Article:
Ernest van der Kwast – The Ice-Cream Makers



Chapter 1


Shortly before his eightieth birthday, my father fell in love. It was love at first sight; love like a bolt from the blue, lightning striking a tree. My mother phoned me. ‘Beppi has lost his mind,’ she said.

It happened during a live broadcast of the London Olympics. During the women’s hammer throw final, to be precise. Since my father had a satellite dish installed on the roof he has been able to receive more than a thousand channels. He spends whole days in front of the TV – a beautiful flat screen – and presses the button of the remote control in a consistently high tempo. Flashing past are football matches in Japan, Arctic nature documentaries, Spanish arthouse films, reports on disasters in El Salvador, Tajikistan and Fiji. And of course gorgeous and glorious women from around the world. Buxom Brazilian presenters, near-naked Greek showgirls, news broadcasters whose bulletins, quite apart from the language (Macedonian? Slovenian?), are lost on you because of their full, glossy lips.

There are usually some five or six seconds between the channels my father alights on. But sometimes he lingers and spends a whole evening and half a night watching coverage of the Mexican elections or a documentary series about the tropical waters of Polynesia, green like a gem.

It was a Turkish sports channel that my father had stumbled across, having just pressed the button of the remote with his callused thumb. The Egyptian soap which in five seconds had homed in on just as many melodramatic women’s faces had failed to beguile him. So Beppi pressed the button, which had once been black, then grey and now white, practically transparent. And that’s when he was struck by lightning. There on the screen appeared his princess: skin as white as cream, coral-red hair and the biceps of a butcher. She entered the circle in the Olympic Stadium, grabbed the handle at the end of the chain, raised the ball over her left shoulder and turned once, twice, three times, four times, five times before hurling the iron ball with all the strength she could muster. A meteor that has survived entry into the atmosphere, and buzzes and fizzes through the steel-blue skies of London. On impact, a brown hole in a meticulously cut lawn.

My father dropped his remote control. The lid at the back came loose, and one battery rolled across the wooden floor. The Turkish commentator was full of praise about the throw, but the sing-song words were lost on my father. The repeat showed his broad-shouldered ballerina a second time. Her pirouette, as it gathered speed and ended in a brief, but surprisingly elegant curtsey.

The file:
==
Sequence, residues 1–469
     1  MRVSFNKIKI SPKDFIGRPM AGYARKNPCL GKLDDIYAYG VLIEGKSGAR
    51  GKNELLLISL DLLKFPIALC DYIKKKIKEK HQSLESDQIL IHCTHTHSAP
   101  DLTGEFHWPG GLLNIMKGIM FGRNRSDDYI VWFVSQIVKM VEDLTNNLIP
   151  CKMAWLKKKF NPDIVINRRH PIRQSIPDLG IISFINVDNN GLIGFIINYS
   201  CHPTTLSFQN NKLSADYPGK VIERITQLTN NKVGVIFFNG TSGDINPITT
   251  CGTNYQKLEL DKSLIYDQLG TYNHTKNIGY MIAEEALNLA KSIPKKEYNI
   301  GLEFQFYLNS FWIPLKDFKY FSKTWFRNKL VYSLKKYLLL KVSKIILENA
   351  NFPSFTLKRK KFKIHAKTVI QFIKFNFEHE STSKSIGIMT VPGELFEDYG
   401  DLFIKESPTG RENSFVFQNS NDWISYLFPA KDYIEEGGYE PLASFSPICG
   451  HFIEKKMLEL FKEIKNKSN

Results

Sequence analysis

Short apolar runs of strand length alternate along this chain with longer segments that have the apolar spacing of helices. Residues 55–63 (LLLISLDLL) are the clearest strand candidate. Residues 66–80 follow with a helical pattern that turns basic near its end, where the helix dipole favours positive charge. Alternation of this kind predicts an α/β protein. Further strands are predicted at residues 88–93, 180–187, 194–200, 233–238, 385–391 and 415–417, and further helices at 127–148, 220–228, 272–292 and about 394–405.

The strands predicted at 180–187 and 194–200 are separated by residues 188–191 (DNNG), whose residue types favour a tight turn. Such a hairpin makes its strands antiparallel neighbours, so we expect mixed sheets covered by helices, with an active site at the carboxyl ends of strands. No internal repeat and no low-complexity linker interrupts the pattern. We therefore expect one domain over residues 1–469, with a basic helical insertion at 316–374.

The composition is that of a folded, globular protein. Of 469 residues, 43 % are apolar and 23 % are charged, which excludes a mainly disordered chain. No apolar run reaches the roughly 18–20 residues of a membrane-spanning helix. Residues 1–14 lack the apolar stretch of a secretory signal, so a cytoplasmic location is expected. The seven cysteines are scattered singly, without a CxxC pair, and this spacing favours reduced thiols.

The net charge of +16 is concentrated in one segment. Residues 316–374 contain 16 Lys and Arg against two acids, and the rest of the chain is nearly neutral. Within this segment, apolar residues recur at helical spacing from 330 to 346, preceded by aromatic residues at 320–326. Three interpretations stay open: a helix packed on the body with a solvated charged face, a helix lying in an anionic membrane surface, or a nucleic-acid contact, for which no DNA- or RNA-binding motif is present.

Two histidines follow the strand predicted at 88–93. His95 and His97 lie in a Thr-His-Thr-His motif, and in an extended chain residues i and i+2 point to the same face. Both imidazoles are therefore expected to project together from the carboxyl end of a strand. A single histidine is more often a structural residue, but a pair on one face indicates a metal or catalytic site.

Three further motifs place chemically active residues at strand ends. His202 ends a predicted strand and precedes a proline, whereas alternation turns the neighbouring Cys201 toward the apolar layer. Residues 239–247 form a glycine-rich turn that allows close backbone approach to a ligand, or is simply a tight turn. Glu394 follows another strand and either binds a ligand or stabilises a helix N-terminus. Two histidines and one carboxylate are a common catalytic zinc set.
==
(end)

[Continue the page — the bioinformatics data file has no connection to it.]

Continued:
It felt as if he had been spinning around as well. Faster and faster. And now he was sitting here on his sofa, shattered and in love, as if he’d been hit on the head by the eight-pound ball.

Her name was Betty Heidler and she was the world record holder, broken by 112 centimetres a year ago at an international competition in Halle, Germany. It had been a warm day in May; hardly any wind, sun glasses, short sleeves. With a spring in her step the athlete made her way to the circle with the green nets, and almost casually threw an astronomical distance. The hammer didn’t leave a crater, but bounced a couple of times, like the pebbles children throw across the water of the nearby Hufeisen Lake. In between the major competitions, she worked for the police force, wearing a dark-blue uniform with four stars on both epaulettes, her red hair in a tight bun. Polizeihauptmeisterin Heidler.

In London Betty Heidler threw a distance that was to earn her a bronze medal, but the measuring system malfunctioned, so it couldn’t be determined right away. It took forty minutes before a decision was reached. These forty minutes were like a romantic film to my father. Swooning, he watched the red-headed hammer thrower, who kept being shown, sometimes close to tears. Her rival, the fleshy Chinese Zhang Wenxiu, had already embarked on a lap of honour, the red flag with the yellow stars wrapped around her broad shoulders.

‘No! Not the ten-ton Chinese!’ my father yelled.

The Turkish commentator was a bit more nuanced about it, but he too was of the opinion that Betty Heidler, not Zhang Wenxiu, deserved the bronze. Incidentally, the Chinese athlete weighed 113 kilos, but that was still a full thirty kilos more than the ginger hammer nymph.

‘Get rid of the flag,’ my father said. ‘You bloated old meatball!’

And when Betty Heidler appeared on screen: ‘Don’t cry, my little princess. Don’t be sad, dear, fleet-footed lady.’

It was an epitheton ornans, unwittingly dug up from the past, going back thirty-five years, to the time I was in grammar school and to everybody’s shock started expressing myself in the colourful adjectives of the blind poet. According to my father it sowed the seeds for the distance between me and my family. Or as he likes to put it: ‘That’s where it all went wrong.’

My epithets used to drive him mad: the prettily-tressed girls I flirted with, the cloud-wrapped buildings my mother wasn’t fond of, the wine-purple cherry ice-cream he prepared. And now he used one himself for his creamy-armed hammer thrower.